Exudation of liquid (“bleeding”) from injured trees is caused by pressures within trees that may be localized in different organs depending on species. Most bleeding is caused by root pressure (as in birch and grape), but some is caused by pressure localized in stems (as in maples and palms).
Root pressure develops commonly in trees of tropical rain forests but is uncommon in trees of the temperate zone. The most satisfactory explanation of root pressure is that it is caused by accumulation of solutes in the xylem sap. There is a correlation between salt accumulation in the roots and the occurrence of root pressure. It develops only if root systems are healthy, well-aerated, provided with a dilute solution of minerals, and kept at a moderate temperature. In in-tact herbaceous plants evidence of root pressure is the exudation of droplets of water from the margins of leaves and leaf scars. Such water loss (guttation) occurs from pores called hydathodes that are located on leaf margins. Guttation occurs only from plants growing in moist warm soil, when the air is humid, and transpiration is very low. When root pressure develops water is forced out of the hydathodes. Guttation occurs commonly in trees of tropical rain forests but is relatively uncommon in temperate-zone trees because the appropriate combinations of soil and atmospheric conditions do not occur often. However, guttation from leaves and leaf scars has been observed in some temperate-zone trees. An example is hackberry. The composition of the exuded liquid varies from almost pure water to a dilute solution of organic and inorganic salts.
Exudation of liquid from sugar maple, palms, and a few other plants is caused by stem pressures.
Perhaps the best example of the exudation from injured stems and branches is the flow of sap from sugar maple trees. The flow of maple sap is caused by a pressure localized in the stern, not in the roots. Sap flow will occur from isolated portions of stems. In intact maple trees root pressure cannot be detected at the time that sap is flowing. In contrast, root pressure is al-ways observed when sap flow occurs in grape.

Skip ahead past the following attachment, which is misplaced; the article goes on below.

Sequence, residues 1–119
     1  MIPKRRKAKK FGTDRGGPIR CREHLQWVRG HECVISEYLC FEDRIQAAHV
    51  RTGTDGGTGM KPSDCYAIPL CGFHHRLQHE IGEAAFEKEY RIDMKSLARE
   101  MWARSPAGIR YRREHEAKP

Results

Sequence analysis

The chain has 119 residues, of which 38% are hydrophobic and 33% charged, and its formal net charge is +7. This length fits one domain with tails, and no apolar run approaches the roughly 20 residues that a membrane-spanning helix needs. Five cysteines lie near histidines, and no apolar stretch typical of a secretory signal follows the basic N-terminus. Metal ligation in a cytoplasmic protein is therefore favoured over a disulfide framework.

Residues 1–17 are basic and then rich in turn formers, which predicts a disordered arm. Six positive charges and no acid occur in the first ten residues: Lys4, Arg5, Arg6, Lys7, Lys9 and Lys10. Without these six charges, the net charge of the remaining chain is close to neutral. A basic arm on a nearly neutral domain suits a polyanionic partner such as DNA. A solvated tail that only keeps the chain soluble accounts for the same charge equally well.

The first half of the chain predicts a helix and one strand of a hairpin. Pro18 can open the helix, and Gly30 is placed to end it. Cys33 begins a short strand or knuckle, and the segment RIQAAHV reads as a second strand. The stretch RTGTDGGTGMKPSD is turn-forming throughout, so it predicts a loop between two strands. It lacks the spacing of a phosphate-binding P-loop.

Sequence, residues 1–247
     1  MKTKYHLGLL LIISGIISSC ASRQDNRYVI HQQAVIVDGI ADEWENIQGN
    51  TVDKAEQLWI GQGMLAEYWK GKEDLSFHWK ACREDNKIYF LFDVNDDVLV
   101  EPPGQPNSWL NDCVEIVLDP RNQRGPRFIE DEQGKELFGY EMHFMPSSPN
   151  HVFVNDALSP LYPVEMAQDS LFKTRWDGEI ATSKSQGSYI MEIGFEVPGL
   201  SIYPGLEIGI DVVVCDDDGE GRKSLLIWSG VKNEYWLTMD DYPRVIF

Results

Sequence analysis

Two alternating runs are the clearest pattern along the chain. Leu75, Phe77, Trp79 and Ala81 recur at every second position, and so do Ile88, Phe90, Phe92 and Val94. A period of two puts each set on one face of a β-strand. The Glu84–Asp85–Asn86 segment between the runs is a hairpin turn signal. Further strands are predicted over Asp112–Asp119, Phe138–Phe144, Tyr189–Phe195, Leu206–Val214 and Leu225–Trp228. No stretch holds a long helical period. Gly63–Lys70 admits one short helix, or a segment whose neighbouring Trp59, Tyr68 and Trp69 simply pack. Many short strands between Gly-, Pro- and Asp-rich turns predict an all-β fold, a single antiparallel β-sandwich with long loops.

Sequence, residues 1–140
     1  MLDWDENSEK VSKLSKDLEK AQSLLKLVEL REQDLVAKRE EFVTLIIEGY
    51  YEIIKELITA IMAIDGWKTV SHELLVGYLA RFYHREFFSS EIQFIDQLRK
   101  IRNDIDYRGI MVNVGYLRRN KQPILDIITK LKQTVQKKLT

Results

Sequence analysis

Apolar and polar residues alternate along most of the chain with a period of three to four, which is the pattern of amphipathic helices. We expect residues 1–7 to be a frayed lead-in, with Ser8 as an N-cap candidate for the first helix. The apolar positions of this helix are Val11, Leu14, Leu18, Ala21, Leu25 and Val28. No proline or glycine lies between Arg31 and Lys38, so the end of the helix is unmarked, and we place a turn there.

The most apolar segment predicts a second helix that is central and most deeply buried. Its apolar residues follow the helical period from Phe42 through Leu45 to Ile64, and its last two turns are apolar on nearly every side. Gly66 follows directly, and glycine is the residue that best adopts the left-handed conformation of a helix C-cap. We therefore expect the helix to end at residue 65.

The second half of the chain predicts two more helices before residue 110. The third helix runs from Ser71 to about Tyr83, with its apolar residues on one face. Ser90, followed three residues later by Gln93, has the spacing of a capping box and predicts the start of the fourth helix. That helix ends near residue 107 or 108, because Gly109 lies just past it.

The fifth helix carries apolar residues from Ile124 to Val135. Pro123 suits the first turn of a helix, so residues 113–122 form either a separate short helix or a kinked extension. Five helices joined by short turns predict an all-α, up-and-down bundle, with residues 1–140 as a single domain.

Sap flow of sugar maple can occur from late autumn to early spring, any time that freezing nights are followed by warm days with temperatures above freezing, but the best flow occurs before noon. Sap flow often stops in the after-noon. The yield of sap varies widely from about 35 to 70 liters per tree during a season, but in individual trees the yield may be appreciably greater.
In the tropics large amounts of sap are obtained from palms and used as a source of sugar and wine. Sap is obtained by cutting out the inflorescence.
Another example of exudation by wounding is the flow of oleoresins from pines. Oleoresins come from specialized resin ducts and the flow is not related to the sap flow in deciduous trees. The flow of latex from wounded stems of rubber trees is another example of exudation. The amount of pressure and rate of latex flow are correlated with environmental factors that control turgor (pressure) in the latex vessel system. The rate of flow usually is greater in the morning, when turgor is high, than in the afternoon, and it is reduced during dry weather.
To simplify information, trade names of products have been used. No endorsement of named products is intended, nor is criticism implied of similar products which are not mentioned.
AUTHOR: Theodore T. Kozlowski, Visiting Scholar, Department of Environmental Science, Policy and Management, UC Berkeley
EDITOR: Pavel Svihra, Horticulture Advisor UCCE 1682 Novato Blvd., Suite 150E Novato, CA 94947
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